Malaria is a disease that disproportionately affects populations in hard-to-reach areas. Several malaria implementation models, in particular community-delivered models, have contributed to the decline in the malaria burden worldwide [1]. Community-delivered models increase coverage of bed net usage and intermittent preventive treatment in pregnancy, and improve malaria-metric outcomes, such as malaria mortality compared to non-community-delivered models [2]. The use of community-delivered models for malaria control is increasing because they are effective and economical [3,4,5].

Importantly, the success of malaria implementation models relies significantly on community participation and accountability to the affected populations. Many malaria implementation models have been successful because of the integration of community voices in their design, implementation and evaluation, but some programmes have failed because of inadequate or minimal consideration of community voices [4, 6].

Myanmar is a malaria endemic country in the Greater Mekong Sub-region (GMS) and it aims to eliminate malaria by 2030 [7, 8]. Volunteers were first used in Myanmar for malaria control in 2004, when the Myanmar Council of Churches commenced a community-delivered malaria control project focusing on early diagnosis and treatment in 160 remote villages in eight townships [9]. Other malaria implementing partners, including the Myanmar National Malaria Control Programme, recognized the usefulness of malaria volunteers and applied the model throughout the country. Currently, over 15,000 out of 67,285 villages in Myanmar (approximately 23%) have at least one malaria volunteer [10]. Myanmar has successfully used the malaria volunteer model, in conjunction with the government health facility-based model, to reduce the annual parasite incidence to below 1 in several townships within recent decades.

Community-based malaria control is effective and economical in various settings in Myanmar [11]. However, due to the reduction in malaria prevalence in Myanmar the focus has shifted to elimination and, therefore, the model needs to be reassessed and adapted to fit into Myanmar’s malaria elimination programme. The 1-3-7 strategy was adopted in Myanmar’s elimination programme that includes: case notification to National Malaria Control Programme within one day; case investigation at community level within three days; foci investigation and response, identification of additional fever cases and appropriate interventions within seven days after diagnosis of a malaria case [12]. It is questionable whether the current community-delivered malaria volunteer model is ready to host the 1-3-7 strategy without any adaptation because the existing community-delivered malaria models are designed only for malaria control and not for near real time notification of malaria cases within 24 h after diagnosis and volunteers assisting in case and foci investigations.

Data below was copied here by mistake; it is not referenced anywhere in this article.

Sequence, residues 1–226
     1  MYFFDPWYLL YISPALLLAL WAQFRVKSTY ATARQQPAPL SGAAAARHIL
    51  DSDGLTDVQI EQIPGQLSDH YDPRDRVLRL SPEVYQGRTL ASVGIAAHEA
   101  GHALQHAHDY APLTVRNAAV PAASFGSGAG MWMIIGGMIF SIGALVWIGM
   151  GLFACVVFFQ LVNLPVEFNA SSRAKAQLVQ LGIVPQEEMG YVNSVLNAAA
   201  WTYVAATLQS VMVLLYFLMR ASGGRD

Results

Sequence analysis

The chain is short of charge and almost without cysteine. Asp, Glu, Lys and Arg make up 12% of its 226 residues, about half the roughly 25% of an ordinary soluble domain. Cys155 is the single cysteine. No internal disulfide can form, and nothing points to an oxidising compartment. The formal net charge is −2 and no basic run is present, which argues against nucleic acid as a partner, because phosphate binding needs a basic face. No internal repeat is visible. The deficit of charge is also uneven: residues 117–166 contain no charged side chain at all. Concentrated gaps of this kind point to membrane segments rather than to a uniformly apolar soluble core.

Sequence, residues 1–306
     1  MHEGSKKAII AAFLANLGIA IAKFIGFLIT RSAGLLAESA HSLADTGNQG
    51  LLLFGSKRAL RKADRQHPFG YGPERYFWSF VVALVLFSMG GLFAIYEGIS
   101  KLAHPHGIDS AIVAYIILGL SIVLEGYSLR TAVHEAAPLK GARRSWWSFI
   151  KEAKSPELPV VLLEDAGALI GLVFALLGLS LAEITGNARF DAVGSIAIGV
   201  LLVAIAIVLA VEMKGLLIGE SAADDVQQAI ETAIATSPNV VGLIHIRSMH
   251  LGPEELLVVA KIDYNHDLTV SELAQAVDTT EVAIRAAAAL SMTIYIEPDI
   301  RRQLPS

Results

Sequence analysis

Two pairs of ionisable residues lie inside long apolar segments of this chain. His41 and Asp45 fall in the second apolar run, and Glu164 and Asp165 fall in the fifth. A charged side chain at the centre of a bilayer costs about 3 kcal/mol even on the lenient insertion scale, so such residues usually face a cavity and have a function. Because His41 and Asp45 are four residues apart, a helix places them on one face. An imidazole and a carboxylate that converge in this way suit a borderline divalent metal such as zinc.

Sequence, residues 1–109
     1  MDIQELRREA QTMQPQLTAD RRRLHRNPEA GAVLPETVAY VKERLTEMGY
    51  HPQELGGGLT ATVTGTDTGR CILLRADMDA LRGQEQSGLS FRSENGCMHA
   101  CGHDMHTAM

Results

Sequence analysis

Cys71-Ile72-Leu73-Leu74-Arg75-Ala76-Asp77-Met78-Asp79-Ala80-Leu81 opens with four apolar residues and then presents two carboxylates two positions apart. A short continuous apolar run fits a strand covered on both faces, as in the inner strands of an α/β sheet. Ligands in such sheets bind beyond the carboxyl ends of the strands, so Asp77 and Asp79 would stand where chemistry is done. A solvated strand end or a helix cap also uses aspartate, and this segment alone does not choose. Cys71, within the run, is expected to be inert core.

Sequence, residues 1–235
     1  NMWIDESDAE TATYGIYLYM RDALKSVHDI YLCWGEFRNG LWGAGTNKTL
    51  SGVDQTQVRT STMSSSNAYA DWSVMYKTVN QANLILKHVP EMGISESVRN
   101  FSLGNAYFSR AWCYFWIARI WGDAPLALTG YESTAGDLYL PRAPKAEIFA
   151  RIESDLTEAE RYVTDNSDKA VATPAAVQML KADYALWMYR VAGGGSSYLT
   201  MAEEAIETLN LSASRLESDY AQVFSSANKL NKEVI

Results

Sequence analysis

Paralleling the transition from malaria control to elimination, the motivation and social role of malaria volunteers is plummeting in tandem with the decline in the prevalence of malaria in Myanmar [13]. Evidence shows that in the context of lower malaria incidence, increasing the services that the community request, and the malaria volunteers can provide, increases utilization of volunteer’s services and enables more malaria testing in the community [14, 15]. Therefore, to maintain the Myanmar community-delivered model’s effectiveness and popularity, Myanmar National Malaria Control Programme rolled out the Integrated Community Malaria Volunteer (ICMV) programme throughout Myanmar in 2017–18. The ICMVs provide services for malaria, dengue, lymphatic filariasis, tuberculosis (TB), human immunodeficiency virus/acquired immunodeficiency syndrome (HIV/AIDS) and leprosy in areas that lack formal health care providers [16] (Additional file 1). Nevertheless, the services selected for inclusion in this package were not a result of community consultations and an evidence-based approach, but according to the political landscape of the Myanmar Ministry of Health and Sports and operational feasibility.